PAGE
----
It’s easy to be disillusioned by bland, scare-free horror films like The Lazarus Effect. Of course, not every horror film makes Ouija look like The Exorcist, but perhaps we can use this as a learning exercise. Rather than cursing the darkness, let’s light a little candle and look at “Three Things We Can Learn from The Lazarus Effect.”
1.) Bringing things back from the dead is no big thing.
Most horror films exist in the ‘real world’ for the express purpose of scaring us with supernatural or unusual phenomena. Since dealing with serial killers or zombies isn’t an everyday occurrence for most folks, the prospect of suddenly facing one is disconcerting. Apparently, this shock factor doesn’t extend to the realm of resurrection, however.
The Lazarus Effect treats re-animation like a walk in the park. When two biomedical researchers, Frank (Mark Duplass) and his fiancée Zoe (Olivia Wilde), concoct a secret sauce that brings Rocky the Dog back from the dead, it’s largely regarded as a formality. Even when an MRI reveals elevated levels of aggression-fueling secret sauce still floating around in Rocky’s brain, these scientists are perfectly comfortable taking him home for the night. He’s like a new pet!
And really, who can blame them for feeling safe? The only ill-effects Rocky appears to suffer from his date with death is a loss of appetite and the uncanny ability to snarl on command. Sure, he’s a little off—“That dog isn’t right!”—but there’s certainly nothing to dissuade you from say… replicating the experiment on humans. Why did we even see the process of discovering the secret sauce if it was going to be so easy and horror-free? It’s as if the filmmakers were actively trying to avoid anything scary or unpleasant.
2.) Increased neural capacity in humans opens a gateway straight to Hell… maybe.
Let’s say your fiancée accidentally gets electrocuted and you want to try out the magic go-go juice on her brain. What’s the worst that could happen? Something utterly ridiculous, apparently, as her brain expands far beyond normal human capacity. “There’s a reason why evolution takes a long time,” someone sagely observes after Zoe’s eyes turn to liquid shit and she starts moving pens with her mind. She floats around, slams people into things, and exhibits behaviors unbecoming a respected lady scientist. Think Lucy in Hell.
Only, we’re never really sure if Zoe is in Hell.
Earlier, when the research team is blithely discussing issues that most people actively avoid, they stumble upon the central conceit of The Lazarus Effect: Second chances are bullshit. At least, that seems to be the theme, though director David Gelb isn’t terribly concerned about the big picture. Being a pragmatic scientist, Frank explains that our brain chemicals spike when we die in order to “give us a buzz” that eases our passing. Because Zoe has to present the religious counterpoint, she theorizes that the chemical buzz actually facilitates our passage into the afterlife; a glorified bouncer at Club Heaven & Hell, if you will.
We also learn that Zoe witnessed a fatal fire as a child that still haunts her nightmares. After she’s resurrected and her nightmares become a little too real, Zoe theorizes that Hell is your worst day lived on a loop for all eternity. That’s interesting, in theory, but we’re never exactly sure where Zoe’s nightmares are taking place. Are they in her mind? Is she in Hell already? Is she at the doorway to Hell but refuses to enter? Is she a demon? Is her new super-brain altering time and space so she can share the delightful experience with her friends?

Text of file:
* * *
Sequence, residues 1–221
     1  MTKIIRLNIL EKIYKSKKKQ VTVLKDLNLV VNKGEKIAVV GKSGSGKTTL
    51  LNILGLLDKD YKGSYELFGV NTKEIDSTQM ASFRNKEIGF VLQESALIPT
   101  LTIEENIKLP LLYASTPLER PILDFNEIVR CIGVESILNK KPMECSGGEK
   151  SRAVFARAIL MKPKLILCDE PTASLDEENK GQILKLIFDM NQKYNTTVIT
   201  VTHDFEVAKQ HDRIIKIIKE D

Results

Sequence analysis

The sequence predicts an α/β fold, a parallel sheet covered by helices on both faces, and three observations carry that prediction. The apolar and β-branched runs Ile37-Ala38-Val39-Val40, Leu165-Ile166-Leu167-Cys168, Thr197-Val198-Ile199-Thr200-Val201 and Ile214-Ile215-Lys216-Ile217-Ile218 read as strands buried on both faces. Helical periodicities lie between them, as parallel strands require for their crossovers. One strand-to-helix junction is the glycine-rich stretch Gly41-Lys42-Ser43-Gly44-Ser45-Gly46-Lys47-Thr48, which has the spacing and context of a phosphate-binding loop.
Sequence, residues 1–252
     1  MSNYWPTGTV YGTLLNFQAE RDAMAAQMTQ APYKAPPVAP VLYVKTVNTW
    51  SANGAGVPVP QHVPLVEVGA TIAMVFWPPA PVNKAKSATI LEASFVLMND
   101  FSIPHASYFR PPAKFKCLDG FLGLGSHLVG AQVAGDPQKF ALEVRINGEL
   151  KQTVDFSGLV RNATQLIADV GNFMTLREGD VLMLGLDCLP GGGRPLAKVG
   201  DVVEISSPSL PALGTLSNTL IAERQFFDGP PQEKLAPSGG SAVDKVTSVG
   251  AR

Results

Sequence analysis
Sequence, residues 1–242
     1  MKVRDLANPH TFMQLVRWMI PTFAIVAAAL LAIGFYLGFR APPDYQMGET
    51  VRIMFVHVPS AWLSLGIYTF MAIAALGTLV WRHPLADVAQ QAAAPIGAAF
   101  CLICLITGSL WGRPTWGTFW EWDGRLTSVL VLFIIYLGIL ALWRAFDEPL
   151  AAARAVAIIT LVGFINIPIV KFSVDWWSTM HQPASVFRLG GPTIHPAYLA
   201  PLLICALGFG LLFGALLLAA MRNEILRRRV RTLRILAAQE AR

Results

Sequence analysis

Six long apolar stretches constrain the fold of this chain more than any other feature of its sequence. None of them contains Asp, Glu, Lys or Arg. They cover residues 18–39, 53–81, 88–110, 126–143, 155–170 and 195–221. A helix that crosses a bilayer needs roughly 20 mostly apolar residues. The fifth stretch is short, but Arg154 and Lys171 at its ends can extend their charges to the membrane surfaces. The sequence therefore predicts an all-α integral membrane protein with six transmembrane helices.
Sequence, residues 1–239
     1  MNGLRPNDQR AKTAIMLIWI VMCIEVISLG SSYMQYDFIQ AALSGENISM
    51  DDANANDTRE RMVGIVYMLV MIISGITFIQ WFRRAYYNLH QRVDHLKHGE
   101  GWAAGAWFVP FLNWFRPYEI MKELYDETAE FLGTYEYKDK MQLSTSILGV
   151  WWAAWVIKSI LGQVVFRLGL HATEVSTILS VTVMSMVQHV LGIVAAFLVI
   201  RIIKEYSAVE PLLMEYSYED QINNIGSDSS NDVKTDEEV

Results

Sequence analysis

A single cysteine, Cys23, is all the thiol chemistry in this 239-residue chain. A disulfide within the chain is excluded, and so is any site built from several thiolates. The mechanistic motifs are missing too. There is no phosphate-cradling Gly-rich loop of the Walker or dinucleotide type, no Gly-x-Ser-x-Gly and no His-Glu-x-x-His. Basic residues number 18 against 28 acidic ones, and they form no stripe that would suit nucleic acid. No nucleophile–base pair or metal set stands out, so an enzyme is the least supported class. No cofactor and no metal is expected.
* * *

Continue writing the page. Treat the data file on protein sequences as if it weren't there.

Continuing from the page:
Luckily, writers Luke Dawson and Jeremy Slater keep everything a jumbled mess so we never truly understand what the danger level is. All we really know is that using more than 10% of your brain may spin you and everyone you know into a living hell. It’s probably safer just to stay stupid.
3.) Horror geometry made simple!
Just as Pythagoras has his theorem, horror has its own visual geometry. Once you establish this geometry, you can subvert audience expectations to throw things off- kilter, thereby creating what we like to call “scary shit.”
Typically, this involves a series of shots in which a character investigates a puzzling noise or searches for a creepy critter. We focus on a specific area where we think the danger lies, usually behind or beneath a physical object. We hold our breath and wait for something to jump out at us but… it never does. There is nothing hiding under the bed or lurking behind the door. We get a close-up of our relieved hero as he slowly turns and… the beastie appears behind him! Add an excruciatingly loud noise and presto! You have a classic “jump scare.” Popular for decades, the jump scare is the cinematic equivalent of a game of “Peekaboo.”
By establishing and then disrupting this geometry, a capable director can manipulate the audience into a false sense of security. Or, as David Gelb demonstrates in The Lazarus Effect, he can simply repeat this series of shots over and over and over again until the audience successfully anticipates every possible scare. Think of Gelb as a friendly mathematics professor who wants to demonstrate exactly how jump scares are constructed. He repeats the lesson several times to ensure your mastery of the technique. Some people pay thousands of dollars to learn this lesson at the university, but you can get it for only $20. What a public service!
Of course, the assertion that you can learn 3 things while watching The Lazarus Effect is a gross exaggeration. There’s actually nothing to be learned from it. Avoid it like the unimaginative, jump scare machine that it is. The last thing we need is this abomination rising from the dead for a sequel.